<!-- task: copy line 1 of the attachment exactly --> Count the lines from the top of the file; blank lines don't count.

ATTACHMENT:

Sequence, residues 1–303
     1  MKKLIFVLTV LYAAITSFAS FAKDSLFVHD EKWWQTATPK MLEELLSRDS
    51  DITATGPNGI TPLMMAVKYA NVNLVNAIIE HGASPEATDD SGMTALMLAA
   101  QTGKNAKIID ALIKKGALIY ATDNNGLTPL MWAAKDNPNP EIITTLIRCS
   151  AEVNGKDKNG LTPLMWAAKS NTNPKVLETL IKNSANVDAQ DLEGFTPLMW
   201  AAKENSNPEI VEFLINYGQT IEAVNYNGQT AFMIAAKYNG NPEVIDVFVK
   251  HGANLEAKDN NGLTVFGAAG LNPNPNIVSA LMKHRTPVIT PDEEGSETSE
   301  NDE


Sequence, residues 1–303